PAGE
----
"From this baseline we can work with our contractors to identify where we can shift policy, procedure or cases to make meaningful change to our collections and other progress measures," Cohn said.
With many of the concerns centered on DCF and its relationships with contractors, Sen. Carolyn McGinn, R-Sedgwick, the committee chair, said the Legislature would be reviewing those deals closely as they expire in the coming years.
Determining the scope of the problem would be the goal for lawmakers.
"It is something we need to learn and discover a little bit," McGinn said in an interview. "We don't need this to be difficult for single parents who are just trying to get what monetary help is due to them."
Shepard said there are any number of ways the state could modernize its system to make it more user-friendly, including automating some functions and better engaging with employers to facilitate payments. That could also include revising the current funding structure, which is primarily reliant upon fees paid by families using the system.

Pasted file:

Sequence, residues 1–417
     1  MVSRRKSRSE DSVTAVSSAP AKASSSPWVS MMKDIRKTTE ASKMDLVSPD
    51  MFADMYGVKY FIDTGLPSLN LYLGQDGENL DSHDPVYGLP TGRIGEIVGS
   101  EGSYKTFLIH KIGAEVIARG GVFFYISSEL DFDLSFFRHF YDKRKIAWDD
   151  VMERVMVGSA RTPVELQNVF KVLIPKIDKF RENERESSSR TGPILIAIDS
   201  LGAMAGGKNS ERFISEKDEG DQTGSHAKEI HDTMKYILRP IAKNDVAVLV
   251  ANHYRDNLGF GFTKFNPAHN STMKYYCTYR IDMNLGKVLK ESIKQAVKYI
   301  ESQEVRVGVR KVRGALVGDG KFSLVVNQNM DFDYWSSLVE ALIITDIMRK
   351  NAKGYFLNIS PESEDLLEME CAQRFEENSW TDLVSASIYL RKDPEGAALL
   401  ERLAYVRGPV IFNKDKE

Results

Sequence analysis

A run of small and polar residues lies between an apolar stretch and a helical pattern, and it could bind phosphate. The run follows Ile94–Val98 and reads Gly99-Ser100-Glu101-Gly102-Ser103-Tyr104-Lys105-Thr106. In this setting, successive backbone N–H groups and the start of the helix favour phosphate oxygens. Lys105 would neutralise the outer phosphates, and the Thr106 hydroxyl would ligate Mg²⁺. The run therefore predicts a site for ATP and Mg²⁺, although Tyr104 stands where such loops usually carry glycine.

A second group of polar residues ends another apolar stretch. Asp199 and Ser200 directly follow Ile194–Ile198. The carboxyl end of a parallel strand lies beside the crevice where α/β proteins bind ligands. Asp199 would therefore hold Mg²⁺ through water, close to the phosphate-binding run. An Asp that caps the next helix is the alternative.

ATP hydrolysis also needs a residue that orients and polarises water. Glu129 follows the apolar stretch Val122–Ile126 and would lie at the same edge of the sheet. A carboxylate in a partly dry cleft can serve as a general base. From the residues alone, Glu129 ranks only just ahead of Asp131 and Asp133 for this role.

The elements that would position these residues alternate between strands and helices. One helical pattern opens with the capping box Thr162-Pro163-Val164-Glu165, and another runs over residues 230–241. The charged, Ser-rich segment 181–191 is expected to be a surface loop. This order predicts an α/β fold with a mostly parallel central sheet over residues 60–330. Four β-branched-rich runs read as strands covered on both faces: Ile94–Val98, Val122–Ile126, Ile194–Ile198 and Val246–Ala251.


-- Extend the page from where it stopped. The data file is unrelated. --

He compared the current system to a car on the interstate.
"In lots of ways that car hasn't changed in the last 20 years," Shepard said. "But all the other cars on the freeway has. It is older and has gotten beat up and you do some repairs. But the question for you all is what repairs do you want to do and do you trade it in for a newer model."
Andrew Bahl is a senior statehouse reporter for the Topeka Capital-Journal. He can be reached at firstname.lastname@example.org or by phone at 443-979-6100.